Dr. Hunt: These four college kids – all of 20 years old - were just plain stupid. I don’t want to systematically categorize such acts as frathouse follies although it’s tempting in this caper. This kind of brazenness can at times be pinpointed to alcohol-emboldened macho dares, and such perpetrators are commonly puerile males who were either never caught or substantively punished for lesser pranks. But it’s still an amoral response to cultural relativism to think a rare library collection is fair game. In this case, they were unlikely to be intellectuals who knew the books well; they were not young academics who normally fully respect public opportunity to use resources within a library, where special collections are also conserved and cared for rightly. But they did get caught, thanks to their inability to foresee that reference librarians are well-educated people who know how to do their research. Plus, having assaulted the librarian with a stun gun added incentives to catch them when they rashly impersonated known book dealers in communications with Christie’s. After pleading guilty, they were ultimately each sentenced to 87 months in December, 2005.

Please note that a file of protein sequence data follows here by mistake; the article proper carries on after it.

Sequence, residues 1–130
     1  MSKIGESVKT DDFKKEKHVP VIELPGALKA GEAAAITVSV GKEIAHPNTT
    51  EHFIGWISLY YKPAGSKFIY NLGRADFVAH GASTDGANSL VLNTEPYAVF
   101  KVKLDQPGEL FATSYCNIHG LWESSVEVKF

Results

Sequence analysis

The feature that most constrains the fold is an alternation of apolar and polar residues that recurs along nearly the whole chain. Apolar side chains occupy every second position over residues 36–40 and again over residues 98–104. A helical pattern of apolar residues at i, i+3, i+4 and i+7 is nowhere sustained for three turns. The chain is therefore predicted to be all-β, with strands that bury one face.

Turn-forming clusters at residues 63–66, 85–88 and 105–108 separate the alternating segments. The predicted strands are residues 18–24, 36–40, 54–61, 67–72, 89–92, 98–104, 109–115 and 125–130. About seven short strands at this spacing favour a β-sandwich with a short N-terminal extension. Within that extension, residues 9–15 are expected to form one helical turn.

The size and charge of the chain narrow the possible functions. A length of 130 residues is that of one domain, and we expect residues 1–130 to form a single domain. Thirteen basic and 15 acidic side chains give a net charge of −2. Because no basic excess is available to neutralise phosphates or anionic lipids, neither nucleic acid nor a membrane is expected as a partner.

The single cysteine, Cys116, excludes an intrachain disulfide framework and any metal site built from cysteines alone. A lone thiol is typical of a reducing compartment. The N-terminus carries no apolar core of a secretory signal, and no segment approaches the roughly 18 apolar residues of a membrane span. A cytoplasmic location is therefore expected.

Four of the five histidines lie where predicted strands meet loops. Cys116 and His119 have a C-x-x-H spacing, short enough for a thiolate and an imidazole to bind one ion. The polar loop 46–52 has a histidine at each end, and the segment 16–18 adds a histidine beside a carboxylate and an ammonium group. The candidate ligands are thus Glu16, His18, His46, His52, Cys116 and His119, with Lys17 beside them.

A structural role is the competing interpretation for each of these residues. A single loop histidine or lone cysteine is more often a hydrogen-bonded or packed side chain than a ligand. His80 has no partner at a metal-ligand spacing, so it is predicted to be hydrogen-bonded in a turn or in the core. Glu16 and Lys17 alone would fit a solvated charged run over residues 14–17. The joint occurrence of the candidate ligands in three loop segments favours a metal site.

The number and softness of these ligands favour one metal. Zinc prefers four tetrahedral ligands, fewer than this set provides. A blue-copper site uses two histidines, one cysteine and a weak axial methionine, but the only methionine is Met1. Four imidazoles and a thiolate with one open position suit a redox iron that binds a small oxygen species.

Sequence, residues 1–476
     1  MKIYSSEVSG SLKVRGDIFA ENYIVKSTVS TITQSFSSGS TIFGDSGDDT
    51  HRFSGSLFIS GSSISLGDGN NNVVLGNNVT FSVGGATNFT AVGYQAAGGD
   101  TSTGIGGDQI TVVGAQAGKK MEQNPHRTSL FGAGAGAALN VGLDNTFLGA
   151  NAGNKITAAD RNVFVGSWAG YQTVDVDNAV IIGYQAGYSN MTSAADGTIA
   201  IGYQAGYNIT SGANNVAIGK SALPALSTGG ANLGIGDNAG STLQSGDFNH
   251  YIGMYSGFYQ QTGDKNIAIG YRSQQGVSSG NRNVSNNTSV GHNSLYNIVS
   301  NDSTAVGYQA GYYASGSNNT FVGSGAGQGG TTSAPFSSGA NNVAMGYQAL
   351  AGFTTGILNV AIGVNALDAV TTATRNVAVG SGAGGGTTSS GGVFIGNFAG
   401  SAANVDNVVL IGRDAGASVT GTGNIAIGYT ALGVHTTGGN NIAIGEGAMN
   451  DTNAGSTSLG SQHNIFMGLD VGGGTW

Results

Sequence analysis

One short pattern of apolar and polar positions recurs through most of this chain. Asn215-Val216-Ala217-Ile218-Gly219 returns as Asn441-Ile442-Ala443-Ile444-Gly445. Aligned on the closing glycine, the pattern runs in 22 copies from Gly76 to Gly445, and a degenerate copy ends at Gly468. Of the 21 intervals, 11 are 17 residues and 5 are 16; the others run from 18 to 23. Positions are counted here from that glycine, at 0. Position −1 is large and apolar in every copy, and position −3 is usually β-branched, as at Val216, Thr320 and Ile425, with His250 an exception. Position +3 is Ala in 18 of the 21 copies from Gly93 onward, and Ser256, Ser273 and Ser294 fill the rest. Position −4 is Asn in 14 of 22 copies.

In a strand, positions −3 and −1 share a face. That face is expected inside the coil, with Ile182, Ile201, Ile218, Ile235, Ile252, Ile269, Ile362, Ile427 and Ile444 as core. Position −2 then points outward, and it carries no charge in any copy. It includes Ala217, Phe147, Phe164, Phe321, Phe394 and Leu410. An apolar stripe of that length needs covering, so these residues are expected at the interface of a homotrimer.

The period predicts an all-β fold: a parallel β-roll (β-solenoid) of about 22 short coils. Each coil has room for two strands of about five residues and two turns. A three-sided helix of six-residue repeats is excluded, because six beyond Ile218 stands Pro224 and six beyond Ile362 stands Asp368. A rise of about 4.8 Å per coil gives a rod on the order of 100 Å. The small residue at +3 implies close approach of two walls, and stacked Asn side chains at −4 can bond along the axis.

ARCA blog: You write that in 1995 an honored medieval professor researching at the Vatican Library cut out several illuminated 14th century leaves with fine miniature paintings from a Vatican codex that had been commissioned and annotated by Petrarch. Is it only about the money?

Dr. Hunt: Unlike the college students, this 1995 theft is probably more complicated. Here, a true bibliophile, a respected medieval studies professor who knew the material better than nearly anyone in the world, lapsed into a form of early dementia at age 68. It reminds me of a fascinating book by an author acquaintance, Allison Hoover Bartlett's The Man Who Loved Books Too Much: The True Story of a Thief, a Detective, and a World of Literary Obsession (Riverhead Books, New York, 2009). Obsession and even emotional hardship can drive otherwise moral people to do horrible things that would normally be unthinkable to them. Here in the case of Professor Anthony Melnikas, motivation is still largely a mystery, but it doesn’t seem to be entirely about money even though the priceless Petrarch leaves ended up with a book dealer before being spotted and returned to the Vatican. His likely dementia does not in any way excuse the crime, and we should hold such scholars who have almost unlimited access to an even higher responsibility.